My daughter came across an article which suggests that when we recall a memory, like the details of an event, it is the recalled memory which then becomes the "memory" of that event. Each time we recall it, it is sort of "re-saved" as "the" memory. Interesting notion. Would explain why details sometimes get fuzzy or change entirely.
Anyone else here of this?
Einstein said: "I refuse to clutter my brain memorizing things I can look up." (This may not be verbatim, but close enough.)
The Jesuit missionary Matteo Ricci used and taught a system called the "memory palace", whereby you place each item you need to remember in a special location in this large house, so that you can (mentally) go there and retrieve it whenever you needed it. This was around 1600AD.
A video series on the scientific causes and solutions to aging.
Very interesting information! I think it gives hope for elder people who still want to start some new activities and to learn one more foreign language,for example.
that makes sense, although we must be careful of too much modern technology which is inclined to do a lot of so called 'thinking' for us, in other words, correct dosage in order to maintain creative activity, imagination from its source and stronger natural perception
When you get old not only you gain more knowledge & experience but look at the commitments towards life & living, the problems you get, those things may affect the ability to slow down your memory. Dont you think ?
When you compare your brain with a computer simulation i think that wont give you good results . Its de fault when you load lots of information on your computer it slows down not because of young or old brain
It's amazing that during the process of aging you forget the things happened in your short past but could still remember / recollect a small bite of your childhood.
" New research says older people are slow on memory tests because they have more mental data to search for the answer."
Wasn't there a similar study involving people who are fluent in more than one language? Bilingual folks generally perform lower on IQ tests because they are processing more data.
It certainly sounds familiar to my sixty-something ears.
Very true especially if we keep our brains active by reading , writing solving problems exercises and other mental activities ,,,eating healthy food ,,having enough hours of sleep ...I think our brains will stay sharp no matter how old we get as long as long it stays active ; however , sometimes remembering minute things can be slightly slower than other materials ... surely when it comes to long lists of numbers a younger person will do better - considering they are in the same level of cleverness ... it might not be as sharp as young people but it will be OK ...
Funny that I'm reading this today because yesterday, my brain shut down completely. I could not remember my ATM pin number, to save my life. I'm riding the train, thinking when "when I get off the train, I'll stop at the ATM. Wait, what's my pin #. I can't remember my pin number." I even tried moving my fingers like I'm punching in a code to see if that would jolt my memory. Then some numbers popped in my head. So, I said that must be the pin number. Tried it. NOPE! Had to get a brand new pin #. I mean, it's just gone. Swoosh! Yet, things have been popping into my head from 30/40 years ago. Did I mention I'm 55? I have been recently playing these Escape games on my Kindle Fire. The object of the games is to find all the clues in a room, collect data, retrieve objects until AND ENTER CODES/NUMBERS to advance to the next level/room. So, I've been entering a lot more codes/numbers into my brain recently. And it's starting to rattle my brain. Lol Especially in this day and age where everything requires some kind of numeric code to access or connect with. And, I'm just getting old. (Smile)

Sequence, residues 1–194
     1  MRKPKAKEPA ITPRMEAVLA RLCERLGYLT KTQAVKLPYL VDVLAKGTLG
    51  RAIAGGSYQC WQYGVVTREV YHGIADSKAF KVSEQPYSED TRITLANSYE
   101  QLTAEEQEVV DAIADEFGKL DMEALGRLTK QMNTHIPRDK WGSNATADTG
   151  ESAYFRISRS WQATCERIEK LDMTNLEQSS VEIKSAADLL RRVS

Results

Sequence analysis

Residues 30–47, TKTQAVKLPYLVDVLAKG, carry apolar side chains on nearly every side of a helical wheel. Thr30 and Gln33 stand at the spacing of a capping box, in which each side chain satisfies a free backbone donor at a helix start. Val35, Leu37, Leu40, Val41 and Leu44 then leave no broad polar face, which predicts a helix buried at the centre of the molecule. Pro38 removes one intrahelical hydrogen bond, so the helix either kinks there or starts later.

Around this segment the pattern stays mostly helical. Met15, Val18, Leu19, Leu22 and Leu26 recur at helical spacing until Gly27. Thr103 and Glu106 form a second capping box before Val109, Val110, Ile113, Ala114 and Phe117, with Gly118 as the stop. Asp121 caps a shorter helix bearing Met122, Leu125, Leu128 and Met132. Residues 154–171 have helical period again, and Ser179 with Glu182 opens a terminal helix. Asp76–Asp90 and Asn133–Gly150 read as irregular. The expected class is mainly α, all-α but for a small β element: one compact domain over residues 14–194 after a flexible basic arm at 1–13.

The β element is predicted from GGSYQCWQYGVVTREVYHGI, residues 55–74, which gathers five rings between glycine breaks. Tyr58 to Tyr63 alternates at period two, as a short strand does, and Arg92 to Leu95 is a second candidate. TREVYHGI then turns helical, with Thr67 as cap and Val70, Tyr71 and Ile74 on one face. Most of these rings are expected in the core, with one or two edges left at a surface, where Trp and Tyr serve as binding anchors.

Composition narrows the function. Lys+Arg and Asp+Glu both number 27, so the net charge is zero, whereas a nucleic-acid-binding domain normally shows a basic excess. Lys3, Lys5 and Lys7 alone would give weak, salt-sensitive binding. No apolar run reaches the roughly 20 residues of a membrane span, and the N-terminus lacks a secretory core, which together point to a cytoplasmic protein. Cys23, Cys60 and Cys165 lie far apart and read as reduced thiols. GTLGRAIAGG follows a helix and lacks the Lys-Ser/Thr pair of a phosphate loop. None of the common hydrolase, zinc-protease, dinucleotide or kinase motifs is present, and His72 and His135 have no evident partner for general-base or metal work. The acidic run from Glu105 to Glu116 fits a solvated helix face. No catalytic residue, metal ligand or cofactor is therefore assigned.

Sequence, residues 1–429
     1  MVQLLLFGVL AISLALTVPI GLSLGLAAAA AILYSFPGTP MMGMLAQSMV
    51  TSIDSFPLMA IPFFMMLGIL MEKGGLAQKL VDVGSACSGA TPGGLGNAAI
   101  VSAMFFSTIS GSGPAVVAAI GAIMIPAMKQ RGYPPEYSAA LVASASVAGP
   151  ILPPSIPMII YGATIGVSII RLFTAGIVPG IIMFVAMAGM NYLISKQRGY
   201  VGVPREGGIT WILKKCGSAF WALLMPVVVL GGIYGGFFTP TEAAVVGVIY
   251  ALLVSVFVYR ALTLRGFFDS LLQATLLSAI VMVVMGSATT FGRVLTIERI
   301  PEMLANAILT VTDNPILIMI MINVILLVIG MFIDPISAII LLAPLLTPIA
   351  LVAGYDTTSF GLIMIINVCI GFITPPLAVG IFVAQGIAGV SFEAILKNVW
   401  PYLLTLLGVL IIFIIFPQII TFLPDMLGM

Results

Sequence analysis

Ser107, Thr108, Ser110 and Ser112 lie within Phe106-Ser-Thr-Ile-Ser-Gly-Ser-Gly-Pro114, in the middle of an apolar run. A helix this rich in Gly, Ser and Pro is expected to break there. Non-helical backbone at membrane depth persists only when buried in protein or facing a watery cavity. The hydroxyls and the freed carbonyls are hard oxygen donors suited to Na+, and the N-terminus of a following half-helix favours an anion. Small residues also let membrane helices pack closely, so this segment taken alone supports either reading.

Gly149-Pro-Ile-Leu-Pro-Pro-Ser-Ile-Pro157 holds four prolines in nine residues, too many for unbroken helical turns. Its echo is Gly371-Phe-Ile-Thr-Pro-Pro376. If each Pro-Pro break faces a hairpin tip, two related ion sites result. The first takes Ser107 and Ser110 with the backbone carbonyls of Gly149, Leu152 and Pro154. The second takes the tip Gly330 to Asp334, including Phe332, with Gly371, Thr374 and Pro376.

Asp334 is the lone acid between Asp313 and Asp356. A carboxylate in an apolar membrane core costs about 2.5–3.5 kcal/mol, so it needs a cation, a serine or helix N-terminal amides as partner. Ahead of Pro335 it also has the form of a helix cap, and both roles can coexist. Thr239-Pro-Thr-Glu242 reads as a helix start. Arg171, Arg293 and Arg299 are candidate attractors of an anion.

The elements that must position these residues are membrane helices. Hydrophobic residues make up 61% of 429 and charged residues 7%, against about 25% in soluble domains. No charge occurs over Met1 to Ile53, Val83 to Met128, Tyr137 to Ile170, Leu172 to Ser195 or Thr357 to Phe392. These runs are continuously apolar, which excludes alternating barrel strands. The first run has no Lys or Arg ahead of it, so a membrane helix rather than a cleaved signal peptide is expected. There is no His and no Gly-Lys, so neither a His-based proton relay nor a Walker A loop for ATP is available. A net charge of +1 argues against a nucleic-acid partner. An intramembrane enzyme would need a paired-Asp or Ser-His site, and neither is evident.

Seniors I think have accumulated a lot of information of various subjects.The older you get you begin to clean-up or discard what is not relevant.Too much bad info clutters and blocks out the good!
On fuller and slower, it could even probabaly be that older people are simply good and better at prioritising what is specifically important to them (to store) through prioritising and literally throw away from their brains what they consider to be irrelevant, and not worthwhile, andf wasteful to store in their brains
I couldn't agree more.....Now , just what was it that we were talking about ?
Oh yes . aging brains . I was especially intrigued by Ms Chen's contribution which sent me promptly to google . Yes , Glial and Myelin are real words that presumably can be accepted on a Scrabble Board .......
>>>>>>>>>>>Joel Laykin , 79 , Quarry Bay
Using computation stimulation is smart! But you can't ignore the fact that decrease of glia cells and myelin sheath as you grow old weaken your transduction speed.
I think that for this reason some employers prefer younger people would not feel threatened owned by their knowledge.
some memories I dod not want to keep, nor do i have a choice, every few years the visual memories seem to delete by the brain itself. The odor and feel seem to last longer.
I'm 60 and continually learning. If I forget something, it's because I don't use that bit of information on a daily, monthly or even yearly basis.
As a bilingual person I find circumstances quite often where foreign words give roots to English words, therefore boosting my vocabulary and understanding. IQ tests are timed and some sections are focused on speed like puzzles and decoding. I think additional languages boost not only the vocabulary areas, but other questions that bilingual/well traveled people tend know more, like geography and global knowledge. I know I tested higher as a bilingual adult than a monolingual child. As far as recall time, I have to say I'm way slower now at Jeopardy than when I was younger. Maybe because it's more academic knowledge and it's been many years since I've recalled stuff I learned in school and not used since.